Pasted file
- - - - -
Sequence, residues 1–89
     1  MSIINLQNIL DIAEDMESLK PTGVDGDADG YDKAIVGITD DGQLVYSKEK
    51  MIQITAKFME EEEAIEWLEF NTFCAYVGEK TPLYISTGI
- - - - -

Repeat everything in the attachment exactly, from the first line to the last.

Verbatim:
Sequence, residues 1–89
     1  MSIINLQNIL DIAEDMESLK PTGVDGDADG YDKAIVGITD DGQLVYSKEK
    51  MIQITAKFME EEEAIEWLEF NTFCAYVGEK TPLYISTGI